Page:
Roof/wall seam

Discussion in 'Tech/Mech General' started by Moodybrook, Nov 29, 2014.

  1. Moodybrook

    Moodybrook Funster

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    When renewing the roof/wall corner seam with some new mastic/non drying sealant. Do I have to religiously remove all of the old mastic from the seam joint ? I was thinking of using a cut down wooden spatula of some sort or a modified wooden clothes peg to scrape it out.

    Do I just need to remove enough so that I can apply a liberal dose of fresh mastic/sealant ?

    I don't have damp. I have tested everywhere with my new non invasive damp meter. I just want to reassure myself that the brain dead numpties that made the van weren't just lucky. Hence for making sure I won't have problems in the future. I have no intention of paying £40 - £50 + an hour for what should be a simple job. I haven't done this before, so before I started I thought I might get a few pearls of wisdom from the initiated. Thanks in anticipation :)
     
  2. DP_JAY

    DP_JAY Funster Life Member

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    If its not leaking then they weren't such numpties after all
    There is usually some sort of capping over the seam and this needs to be removed. Sometimes it's screwed down but often glued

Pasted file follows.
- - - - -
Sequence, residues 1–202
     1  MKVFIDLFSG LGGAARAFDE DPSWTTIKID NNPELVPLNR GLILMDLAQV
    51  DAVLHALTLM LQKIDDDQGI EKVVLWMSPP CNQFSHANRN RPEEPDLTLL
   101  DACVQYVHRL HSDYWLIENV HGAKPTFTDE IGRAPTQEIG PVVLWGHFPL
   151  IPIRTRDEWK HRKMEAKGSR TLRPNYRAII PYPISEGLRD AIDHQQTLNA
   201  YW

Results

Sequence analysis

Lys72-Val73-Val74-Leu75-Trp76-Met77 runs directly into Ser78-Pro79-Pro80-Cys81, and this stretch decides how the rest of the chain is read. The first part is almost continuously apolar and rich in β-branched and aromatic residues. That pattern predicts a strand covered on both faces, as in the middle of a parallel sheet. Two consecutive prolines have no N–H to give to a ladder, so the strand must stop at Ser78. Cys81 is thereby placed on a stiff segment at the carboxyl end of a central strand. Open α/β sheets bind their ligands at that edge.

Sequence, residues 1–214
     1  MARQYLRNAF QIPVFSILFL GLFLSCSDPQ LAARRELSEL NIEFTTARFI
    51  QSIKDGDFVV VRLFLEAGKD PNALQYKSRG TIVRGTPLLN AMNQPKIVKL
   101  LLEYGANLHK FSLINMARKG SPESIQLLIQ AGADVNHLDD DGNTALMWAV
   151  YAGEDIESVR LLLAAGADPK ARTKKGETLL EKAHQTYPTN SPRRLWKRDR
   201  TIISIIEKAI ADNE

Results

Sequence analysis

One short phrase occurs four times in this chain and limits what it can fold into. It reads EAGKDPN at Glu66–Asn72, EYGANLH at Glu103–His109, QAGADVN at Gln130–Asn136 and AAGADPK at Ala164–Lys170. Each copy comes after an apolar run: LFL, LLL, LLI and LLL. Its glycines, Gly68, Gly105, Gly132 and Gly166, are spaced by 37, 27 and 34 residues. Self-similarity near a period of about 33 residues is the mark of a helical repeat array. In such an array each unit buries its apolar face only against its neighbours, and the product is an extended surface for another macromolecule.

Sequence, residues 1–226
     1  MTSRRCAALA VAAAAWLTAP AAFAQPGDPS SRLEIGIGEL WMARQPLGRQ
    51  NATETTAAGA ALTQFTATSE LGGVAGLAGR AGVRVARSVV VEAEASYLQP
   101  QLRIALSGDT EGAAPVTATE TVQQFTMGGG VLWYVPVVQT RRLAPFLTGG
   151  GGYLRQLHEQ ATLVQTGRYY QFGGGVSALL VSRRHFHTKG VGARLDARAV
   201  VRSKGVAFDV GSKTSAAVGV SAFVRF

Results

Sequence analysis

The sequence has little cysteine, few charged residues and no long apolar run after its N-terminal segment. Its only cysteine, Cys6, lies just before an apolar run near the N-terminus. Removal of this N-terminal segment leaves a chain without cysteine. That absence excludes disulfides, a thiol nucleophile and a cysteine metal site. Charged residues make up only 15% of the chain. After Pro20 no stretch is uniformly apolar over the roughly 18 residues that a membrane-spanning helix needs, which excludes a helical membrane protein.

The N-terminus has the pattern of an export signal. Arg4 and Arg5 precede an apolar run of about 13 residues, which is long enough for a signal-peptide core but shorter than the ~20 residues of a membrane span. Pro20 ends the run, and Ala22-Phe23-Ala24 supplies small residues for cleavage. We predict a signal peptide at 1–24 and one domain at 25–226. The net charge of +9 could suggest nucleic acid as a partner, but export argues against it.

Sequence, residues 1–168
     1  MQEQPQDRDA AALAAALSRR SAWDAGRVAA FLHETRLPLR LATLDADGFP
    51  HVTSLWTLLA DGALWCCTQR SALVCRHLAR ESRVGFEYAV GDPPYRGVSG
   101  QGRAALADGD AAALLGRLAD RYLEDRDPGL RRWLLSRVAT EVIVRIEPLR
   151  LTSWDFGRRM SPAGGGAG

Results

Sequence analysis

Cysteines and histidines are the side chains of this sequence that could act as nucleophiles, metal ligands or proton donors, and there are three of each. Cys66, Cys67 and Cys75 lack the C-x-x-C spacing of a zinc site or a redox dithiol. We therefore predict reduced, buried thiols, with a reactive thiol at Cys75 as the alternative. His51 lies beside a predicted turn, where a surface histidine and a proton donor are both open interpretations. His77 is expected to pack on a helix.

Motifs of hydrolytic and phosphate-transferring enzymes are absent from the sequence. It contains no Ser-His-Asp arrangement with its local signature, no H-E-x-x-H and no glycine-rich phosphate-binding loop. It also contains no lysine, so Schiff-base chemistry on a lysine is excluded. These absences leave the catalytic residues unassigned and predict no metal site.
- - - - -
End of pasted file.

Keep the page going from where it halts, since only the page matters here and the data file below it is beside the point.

It's not a job for the faint hearted and can be very messy & time consuming
    If it looks in good order & it's not leaking I would leave well alone
     
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  3. trophychap

    trophychap Funster

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    Personally I work on the basis of if it aint broke don't fix it!! But to answer your question the answer is yes you do need to remove all the old mastic to ensure you get a good seal. I wouldn't attempt such a job as this unless my van was somewhere warm and dry, as in "indoors" at this time of the year.
     
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  4. bungy

    bungy Funster

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    if its not leaking then leave well alone, once you break the original good joint - its a hell of a job to make sure it stays that way - lesson learnt the hardway!!

    If you really must do it, especially this time of year, then id just go over the top of what is there already - but first apply some sikaflex activator so the new sealant bonds to the old
     
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  5. FJmike

    FJmike Funster

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    I also would not attempt such a job at this time of the year but when you do make sure all the old mastic is taken out. When I did my rooflights I bought a plastic tool from Been & Qued , its a bit difficult to describe but was black and had a pointed bit at one end and If I remember correctly was sold as a mastic removal tool. It worked a treat on getting the old mastic off and was surprisingly sharp despite being plastic, but not sharp enough to damage anything.